Ongoing clinical trials at academic centers around the country are testing a new strategy of matching available targeted therapies to molecular abnormalities in tumors instead of treating the cancer site.

With better understanding of the biological underpinnings of cancer, precision medicine has evolved beyond a mere concept to an actual, real-world pursuit.
Dr. Stainthorpe shares his belief that when it comes to care decisions, oncology patients should be provided with information about the benefits/outcomes/consequences and cost of their care.

Diffuse large B-cell lymphoma (DLBCL) is the most common subtype of non-Hodgkin lymphoma and is readily curable, even in the most advanced cases. Nevertheless, the treatment of DLBCL can be a challenge, according to Laurie H. Sehn, MD, MPH, FRCPC, a medical oncologist at the British Columbia Cancer Agency, Vancouver, Canada, who discussed DLBCL at ASH 2012.

Dr. Michael Kolodziej talks about many pilots he is currently working on to improve patient outcomes.

Chicago, IL—A family history of cancer is not always documented by primary care or specialty practices, even though the identification of family cancer history is an integral feature of high-risk screening guidelines, according to data from a pilot project.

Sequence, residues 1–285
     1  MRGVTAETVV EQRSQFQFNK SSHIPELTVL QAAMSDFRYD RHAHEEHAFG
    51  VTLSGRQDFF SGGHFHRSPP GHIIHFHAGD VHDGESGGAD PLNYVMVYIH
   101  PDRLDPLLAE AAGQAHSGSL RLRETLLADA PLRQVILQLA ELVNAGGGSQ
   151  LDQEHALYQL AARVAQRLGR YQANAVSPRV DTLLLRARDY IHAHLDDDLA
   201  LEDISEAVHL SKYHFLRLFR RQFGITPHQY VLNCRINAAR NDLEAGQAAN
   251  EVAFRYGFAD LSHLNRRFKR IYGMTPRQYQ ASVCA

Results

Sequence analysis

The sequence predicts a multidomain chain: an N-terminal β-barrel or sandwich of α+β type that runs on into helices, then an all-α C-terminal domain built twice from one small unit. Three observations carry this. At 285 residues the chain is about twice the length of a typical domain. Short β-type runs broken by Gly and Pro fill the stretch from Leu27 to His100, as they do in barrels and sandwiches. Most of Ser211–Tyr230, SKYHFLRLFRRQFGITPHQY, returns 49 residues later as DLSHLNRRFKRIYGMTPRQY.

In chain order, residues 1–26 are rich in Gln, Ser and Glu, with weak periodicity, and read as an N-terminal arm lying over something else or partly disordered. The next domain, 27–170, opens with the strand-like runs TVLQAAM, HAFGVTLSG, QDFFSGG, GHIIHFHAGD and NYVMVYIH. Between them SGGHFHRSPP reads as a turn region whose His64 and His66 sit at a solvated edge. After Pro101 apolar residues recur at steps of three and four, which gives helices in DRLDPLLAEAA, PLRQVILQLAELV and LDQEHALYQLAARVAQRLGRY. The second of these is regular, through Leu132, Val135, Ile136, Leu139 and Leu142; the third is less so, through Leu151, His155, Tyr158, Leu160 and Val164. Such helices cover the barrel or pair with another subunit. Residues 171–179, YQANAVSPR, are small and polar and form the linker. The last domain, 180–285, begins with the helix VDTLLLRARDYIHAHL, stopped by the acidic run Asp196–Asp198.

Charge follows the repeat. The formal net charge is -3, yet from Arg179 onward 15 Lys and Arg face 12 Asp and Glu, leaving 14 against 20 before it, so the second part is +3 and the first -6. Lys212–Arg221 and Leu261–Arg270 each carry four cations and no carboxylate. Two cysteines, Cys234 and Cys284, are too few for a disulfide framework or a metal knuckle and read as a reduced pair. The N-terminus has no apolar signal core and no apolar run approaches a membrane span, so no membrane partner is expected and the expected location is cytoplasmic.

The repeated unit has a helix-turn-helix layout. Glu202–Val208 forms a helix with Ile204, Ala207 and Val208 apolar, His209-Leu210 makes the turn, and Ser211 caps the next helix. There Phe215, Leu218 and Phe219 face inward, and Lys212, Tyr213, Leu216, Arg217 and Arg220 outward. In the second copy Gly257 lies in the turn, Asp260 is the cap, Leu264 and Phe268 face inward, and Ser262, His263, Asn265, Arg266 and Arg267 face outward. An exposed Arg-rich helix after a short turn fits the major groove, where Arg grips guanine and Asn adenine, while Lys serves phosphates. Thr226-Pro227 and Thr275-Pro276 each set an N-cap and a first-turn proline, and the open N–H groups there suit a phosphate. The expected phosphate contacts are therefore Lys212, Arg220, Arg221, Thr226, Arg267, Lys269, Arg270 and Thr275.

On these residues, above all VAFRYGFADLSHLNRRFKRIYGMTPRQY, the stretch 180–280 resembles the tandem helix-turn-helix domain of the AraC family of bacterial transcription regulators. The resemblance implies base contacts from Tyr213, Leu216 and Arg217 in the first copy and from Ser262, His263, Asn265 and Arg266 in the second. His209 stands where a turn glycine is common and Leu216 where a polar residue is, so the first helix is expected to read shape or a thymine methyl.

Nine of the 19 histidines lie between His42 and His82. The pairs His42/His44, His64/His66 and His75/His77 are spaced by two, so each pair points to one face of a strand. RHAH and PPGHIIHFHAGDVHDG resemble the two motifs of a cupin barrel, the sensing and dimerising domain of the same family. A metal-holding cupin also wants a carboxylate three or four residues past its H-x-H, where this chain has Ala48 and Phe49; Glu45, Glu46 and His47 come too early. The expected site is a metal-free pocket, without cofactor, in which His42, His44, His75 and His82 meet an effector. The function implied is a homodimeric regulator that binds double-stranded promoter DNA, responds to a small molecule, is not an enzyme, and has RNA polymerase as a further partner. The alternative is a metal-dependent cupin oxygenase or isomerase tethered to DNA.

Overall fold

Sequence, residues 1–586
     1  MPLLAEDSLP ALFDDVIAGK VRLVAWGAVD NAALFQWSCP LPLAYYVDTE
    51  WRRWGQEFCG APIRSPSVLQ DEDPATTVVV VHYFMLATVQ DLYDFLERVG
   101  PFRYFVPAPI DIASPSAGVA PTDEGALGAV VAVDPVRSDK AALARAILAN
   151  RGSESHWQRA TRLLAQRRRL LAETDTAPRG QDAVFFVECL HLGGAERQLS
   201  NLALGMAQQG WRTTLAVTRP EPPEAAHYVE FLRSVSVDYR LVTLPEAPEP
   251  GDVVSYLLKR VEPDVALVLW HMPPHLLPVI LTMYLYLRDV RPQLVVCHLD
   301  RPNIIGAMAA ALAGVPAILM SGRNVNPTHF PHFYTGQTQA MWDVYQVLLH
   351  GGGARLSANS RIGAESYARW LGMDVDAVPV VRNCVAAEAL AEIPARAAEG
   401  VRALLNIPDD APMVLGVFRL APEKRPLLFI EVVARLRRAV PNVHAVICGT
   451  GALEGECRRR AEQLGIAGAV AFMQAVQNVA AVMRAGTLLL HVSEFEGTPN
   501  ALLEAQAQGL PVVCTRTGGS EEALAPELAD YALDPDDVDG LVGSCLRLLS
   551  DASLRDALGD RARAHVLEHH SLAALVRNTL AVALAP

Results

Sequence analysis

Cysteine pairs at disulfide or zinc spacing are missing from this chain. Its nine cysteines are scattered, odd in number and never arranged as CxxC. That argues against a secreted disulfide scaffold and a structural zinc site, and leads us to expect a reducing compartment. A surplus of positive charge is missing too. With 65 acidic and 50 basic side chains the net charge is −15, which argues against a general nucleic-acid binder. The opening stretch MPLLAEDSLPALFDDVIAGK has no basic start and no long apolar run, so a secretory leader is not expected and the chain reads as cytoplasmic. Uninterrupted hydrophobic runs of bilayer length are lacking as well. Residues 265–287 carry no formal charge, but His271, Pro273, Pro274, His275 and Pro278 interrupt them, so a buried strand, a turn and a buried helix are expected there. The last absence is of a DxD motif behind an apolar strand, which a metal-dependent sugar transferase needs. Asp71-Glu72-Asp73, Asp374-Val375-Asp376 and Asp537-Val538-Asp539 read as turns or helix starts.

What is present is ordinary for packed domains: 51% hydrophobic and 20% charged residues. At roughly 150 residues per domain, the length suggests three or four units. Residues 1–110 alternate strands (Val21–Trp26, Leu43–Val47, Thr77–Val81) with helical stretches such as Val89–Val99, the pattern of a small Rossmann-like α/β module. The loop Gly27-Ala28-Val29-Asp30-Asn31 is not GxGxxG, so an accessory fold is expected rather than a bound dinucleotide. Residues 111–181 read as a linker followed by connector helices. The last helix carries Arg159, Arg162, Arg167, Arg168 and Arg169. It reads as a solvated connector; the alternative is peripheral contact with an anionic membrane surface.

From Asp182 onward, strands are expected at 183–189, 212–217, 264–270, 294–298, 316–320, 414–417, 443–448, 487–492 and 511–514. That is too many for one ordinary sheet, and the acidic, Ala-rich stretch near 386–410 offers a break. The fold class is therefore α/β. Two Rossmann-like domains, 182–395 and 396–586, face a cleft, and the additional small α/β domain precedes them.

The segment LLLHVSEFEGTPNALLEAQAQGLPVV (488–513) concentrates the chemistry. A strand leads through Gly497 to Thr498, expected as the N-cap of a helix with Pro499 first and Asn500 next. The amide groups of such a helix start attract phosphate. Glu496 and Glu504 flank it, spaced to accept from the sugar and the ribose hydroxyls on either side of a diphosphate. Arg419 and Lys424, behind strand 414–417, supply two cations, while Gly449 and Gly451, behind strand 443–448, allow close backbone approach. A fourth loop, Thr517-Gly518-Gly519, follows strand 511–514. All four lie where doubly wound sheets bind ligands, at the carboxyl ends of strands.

A gene-expression signature assay called ColDx (Almac Diagnostics) successfully identified high-risk patients with stage II colon cancer who would benefit from chemotherapy, according to results of a new, prospective analysis of the previously published phase 3 Alliance C9581 clinical trial. For patients with stage I colon cancer, surgery is the treatment of choice, whereas for stage III disease, patients receive adjuvant chemotherapy. For patients with stage II disease, however, the best approach to the therapy has not been well-defined.

In children who are at risk for Wilms tumor, the presence of a rare genetic abnormality identifies children who can have a survival benefit from the augmentation or intensification of therapy.
Washington, DC—Cancer is now recognized as a disease of the genome. The use of genomic assays and measurement of protein expression are permitting the use of personalized cancer therapy in the clinical setting on a scale not seen previously. In many cases, the use of these assays will also enhance the cost-effectiveness of cancer therapy, although the overall cost of cancer care may not decline as a result, said Gerald Messerschmidt, MD, FACP, Chief Medical Officer, Precision for Medicine, at the Sixth Annual Conference of the Association for Value-Based Cancer Care.

Chicago, IL—“Economic evaluations of personalized medicine should incorporate the cost of testing for biomarkers,” said Natasha B. Leighl, MD, medical oncologist at Princess Margaret Hospital in Toronto, Canada, during a session on the cost of treating non–small-cell lung cancer (NSCLC) at ASCO 2012.

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